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From salt soaks to topical creams, we've rounded up the most effective over-the-counter treatments and home remedies for external hemorrhoids.

By Susan Brickell
January 11, 2019

When it comes to our butts, down-there problems can be embarrassing or sensitive topics. Even hemorrhoids, as common as they are, can be difficult to understand and talk about. If you've gotten a hemorrhoid diagnosis from your doctor, don't fret: Hemorrhoids affect about one in 20 Americans (both men and women), and half of adults above age 50 have them, according to the National Institute of Diabetes and Digestive and Kidney Diseases.

"We all have blood vessels in that area, but when they become enlarged, that is a hemorrhoid," explains Health contributing medical editor Roshini Rajapaksa, MD. Constipation, straining to push out a bowel movement, pregnancy, and even prolonged sitting or cycling can put pressure on veins and cause hemorrhoids to develop, Dr. Raj tells us.

Hemorrhoid home care

Over-the-counter ointments or creams that contain a mild steroid can help decrease itching or pain, and there are also prescription-strength creams and suppositories available. But one of the best treatments you can do at home is to soak the area in warm water several times a day. This helps to soothe and shrink hemorrhoids, says Dr. Raj.

New York-based dermatologist Rachel Nazarian, MD, agrees. "I prefer having patients do sitz baths daily, which involves having them take warm baths and soaking the area," she says. Dr. Nazarian also backs over-the-counter products that contain witch hazel, since this ingredient is calming and anti-inflammatory. "[These products] are available in pads and wipes that can be applied directly to the hemorrhoid to help with symptomatic relief."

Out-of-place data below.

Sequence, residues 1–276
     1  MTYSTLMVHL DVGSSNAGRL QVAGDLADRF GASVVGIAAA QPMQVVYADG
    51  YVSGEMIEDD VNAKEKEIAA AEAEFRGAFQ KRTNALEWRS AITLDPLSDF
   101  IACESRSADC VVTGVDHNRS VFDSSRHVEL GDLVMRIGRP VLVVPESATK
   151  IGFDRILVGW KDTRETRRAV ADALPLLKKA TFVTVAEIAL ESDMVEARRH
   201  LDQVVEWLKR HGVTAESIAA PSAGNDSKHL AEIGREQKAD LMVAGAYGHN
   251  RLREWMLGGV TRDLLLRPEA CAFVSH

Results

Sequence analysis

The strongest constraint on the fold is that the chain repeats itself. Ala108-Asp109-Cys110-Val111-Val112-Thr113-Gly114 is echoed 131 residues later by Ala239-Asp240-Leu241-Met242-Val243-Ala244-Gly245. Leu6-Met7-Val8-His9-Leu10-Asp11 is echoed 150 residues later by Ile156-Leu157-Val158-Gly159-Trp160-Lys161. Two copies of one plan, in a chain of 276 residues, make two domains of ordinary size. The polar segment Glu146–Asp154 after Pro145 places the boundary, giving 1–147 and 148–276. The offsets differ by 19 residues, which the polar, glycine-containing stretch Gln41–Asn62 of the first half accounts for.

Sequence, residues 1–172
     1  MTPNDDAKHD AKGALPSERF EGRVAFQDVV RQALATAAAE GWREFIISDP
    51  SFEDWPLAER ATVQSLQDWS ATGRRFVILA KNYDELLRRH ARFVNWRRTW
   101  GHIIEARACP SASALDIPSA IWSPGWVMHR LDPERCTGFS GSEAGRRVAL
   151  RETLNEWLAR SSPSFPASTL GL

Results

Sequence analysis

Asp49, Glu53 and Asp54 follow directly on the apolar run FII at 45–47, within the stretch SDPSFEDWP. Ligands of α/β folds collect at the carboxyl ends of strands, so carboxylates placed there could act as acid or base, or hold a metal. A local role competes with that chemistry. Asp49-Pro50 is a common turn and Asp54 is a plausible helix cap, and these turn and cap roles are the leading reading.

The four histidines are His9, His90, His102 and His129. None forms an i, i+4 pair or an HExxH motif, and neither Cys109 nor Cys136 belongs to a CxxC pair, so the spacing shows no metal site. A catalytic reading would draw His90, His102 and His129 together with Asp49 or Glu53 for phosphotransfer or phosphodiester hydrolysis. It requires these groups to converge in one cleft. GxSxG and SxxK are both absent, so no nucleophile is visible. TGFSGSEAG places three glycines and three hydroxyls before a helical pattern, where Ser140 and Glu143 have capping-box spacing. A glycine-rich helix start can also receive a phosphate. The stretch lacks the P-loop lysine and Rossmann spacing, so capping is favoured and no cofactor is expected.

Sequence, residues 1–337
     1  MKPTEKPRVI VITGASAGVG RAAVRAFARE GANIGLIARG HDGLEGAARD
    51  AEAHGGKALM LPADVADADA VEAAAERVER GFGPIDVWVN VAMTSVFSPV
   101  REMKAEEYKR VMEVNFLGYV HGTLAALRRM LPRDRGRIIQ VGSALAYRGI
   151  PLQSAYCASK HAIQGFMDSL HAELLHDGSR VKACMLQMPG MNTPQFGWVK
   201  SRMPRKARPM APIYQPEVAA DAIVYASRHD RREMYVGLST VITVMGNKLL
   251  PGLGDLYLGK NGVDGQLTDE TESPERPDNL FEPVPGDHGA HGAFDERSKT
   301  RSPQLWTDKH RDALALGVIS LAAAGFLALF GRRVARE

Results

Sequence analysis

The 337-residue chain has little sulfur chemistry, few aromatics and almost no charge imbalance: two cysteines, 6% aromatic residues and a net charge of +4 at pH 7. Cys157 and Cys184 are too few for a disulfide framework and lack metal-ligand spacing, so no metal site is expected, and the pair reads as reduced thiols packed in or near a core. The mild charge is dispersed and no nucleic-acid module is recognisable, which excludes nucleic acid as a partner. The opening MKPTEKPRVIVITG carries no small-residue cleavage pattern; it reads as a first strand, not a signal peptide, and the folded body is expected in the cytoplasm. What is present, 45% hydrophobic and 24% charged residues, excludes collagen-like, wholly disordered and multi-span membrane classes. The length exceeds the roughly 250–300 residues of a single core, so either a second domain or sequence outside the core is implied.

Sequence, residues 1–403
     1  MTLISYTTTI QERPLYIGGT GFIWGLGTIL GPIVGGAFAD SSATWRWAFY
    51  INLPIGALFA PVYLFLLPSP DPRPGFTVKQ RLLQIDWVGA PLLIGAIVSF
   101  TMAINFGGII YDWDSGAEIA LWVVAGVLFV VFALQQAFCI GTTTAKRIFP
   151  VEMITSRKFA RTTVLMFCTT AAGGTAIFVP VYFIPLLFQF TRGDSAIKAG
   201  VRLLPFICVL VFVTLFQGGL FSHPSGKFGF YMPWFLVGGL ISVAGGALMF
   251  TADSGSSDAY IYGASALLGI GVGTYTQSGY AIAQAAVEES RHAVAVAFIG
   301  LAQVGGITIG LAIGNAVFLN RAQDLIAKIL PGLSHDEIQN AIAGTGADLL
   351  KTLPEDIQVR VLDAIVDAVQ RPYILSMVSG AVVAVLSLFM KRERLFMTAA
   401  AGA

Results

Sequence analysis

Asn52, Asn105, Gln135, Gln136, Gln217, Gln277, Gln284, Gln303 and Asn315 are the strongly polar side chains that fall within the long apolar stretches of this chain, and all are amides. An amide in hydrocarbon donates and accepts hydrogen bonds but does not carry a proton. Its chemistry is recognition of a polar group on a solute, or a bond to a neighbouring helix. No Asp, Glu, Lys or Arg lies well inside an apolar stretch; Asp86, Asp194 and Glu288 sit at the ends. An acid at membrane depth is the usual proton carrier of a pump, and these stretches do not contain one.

Sometimes, external hemorrhoids can shrink to the point that you don't notice they're there. But if you do experience bleeding from your rectum, it's important to see your doctor, especially if you've never had hemorrhoids before. Your doctor can do an examination and perform other tests to rule out something more serious. There are also medical procedures to actually remove hemorrhoids in case they don't disappear.

The best way to prevent hemorrhoids is to prevent constipation, which in turn will help ward off swollen veins. "Eat a diet high in fiber, drink plenty of water, and exercise regularly," says Dr. Raj. Examples of fiber-rich foods include beans, whole grains, corn, lentils, artichokes, and fresh fruits and veggies.

Below, we've rounded up the best over-the-counter hemorrhoid treatments with expert-approved ingredients to help you treat your annoying pain in the butt from home.

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